The misuse of pain relievers among youth in Colorado is also a major public health concern

  • 17,000 adolescent males and 14,000 adolescent females used pain relievers non-medically in the 12 months prior to the interview
  • Rates of past year non-medical pain reliever use were similar between males and females in Colorado (7.2 v. 8.5 percent)

Adolescent Alcohol Use and Abuse in Colorado

  • 20.8 percent of adolescents (81,000) used Alcohol in the past month, and 11.6 percent (45,000) engaged in binge drinking. Binge drinking is defined as the consumption of five or more drinks on the same occasion within the past 30 days
  • Rates of current Alcohol use and past month binge drinking among Colorado adolescents were similar between males and females; 19.7 percent of males and 21.9 percent of females currently used Alcohol, and 12.9 percent of males and 10.2 percent of females engaged in binge drinking in the month prior to the interview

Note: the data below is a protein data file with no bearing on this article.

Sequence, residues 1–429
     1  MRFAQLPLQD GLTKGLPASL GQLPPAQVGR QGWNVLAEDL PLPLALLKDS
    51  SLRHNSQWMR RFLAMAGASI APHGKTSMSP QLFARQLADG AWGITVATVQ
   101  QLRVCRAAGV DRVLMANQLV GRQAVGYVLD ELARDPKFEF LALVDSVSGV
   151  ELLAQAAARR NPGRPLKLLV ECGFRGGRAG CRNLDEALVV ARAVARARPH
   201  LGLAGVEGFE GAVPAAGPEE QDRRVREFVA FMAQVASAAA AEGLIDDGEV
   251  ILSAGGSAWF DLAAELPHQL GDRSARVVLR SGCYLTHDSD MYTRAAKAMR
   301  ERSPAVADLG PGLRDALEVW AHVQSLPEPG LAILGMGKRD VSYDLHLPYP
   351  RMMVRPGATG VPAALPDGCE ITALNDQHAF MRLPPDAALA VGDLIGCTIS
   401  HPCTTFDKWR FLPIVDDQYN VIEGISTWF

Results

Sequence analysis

Adolescent Alcohol and Illicit Drug Dependence or Abuse in Colorado

According to the 2003–2006 NSDUH:
  • Nationwide nearly 1.5 million adolescents were dependent on or abused Alcohol in the past year and more than 1.2 million adolescents were dependent or abused illicit drugs
  • Overall, the rates of past-year abuse or dependence on Alcohol were significantly higher for females than males (6.0 v. 5.4 percent), but rates of past-year abuse or dependence on illicit drugs were similar between males and females
  • In Colorado, rates of Alcohol and drug dependence or abuse were similar between males and females; 19,000 males and 19,000 females abused or were dependent on Alcohol or drugs

Adolescent Substance Abuse Treatment in Colorado

State treatment data for substance use disorders are derived from two primary sources: (1) National Survey of Substance Abuse Treatment Services (N-SSATS), an annual one-day census of clients in treatment and (2) The Treatment Episode Data Set (TEDS), which provides information on annual treatment admissions.

According to the 2006 N-SSATS Survey:
  • Colorado showed a one-day total of 33,264 clients in treatment, the majority of whom (31,591 or 95 percent) were in out-patient treatment
  • Of the total number of clients in treatment on this date, 2,717 (8.2 percent) were under the age of 18
According to 2003–2006 TEDS Data: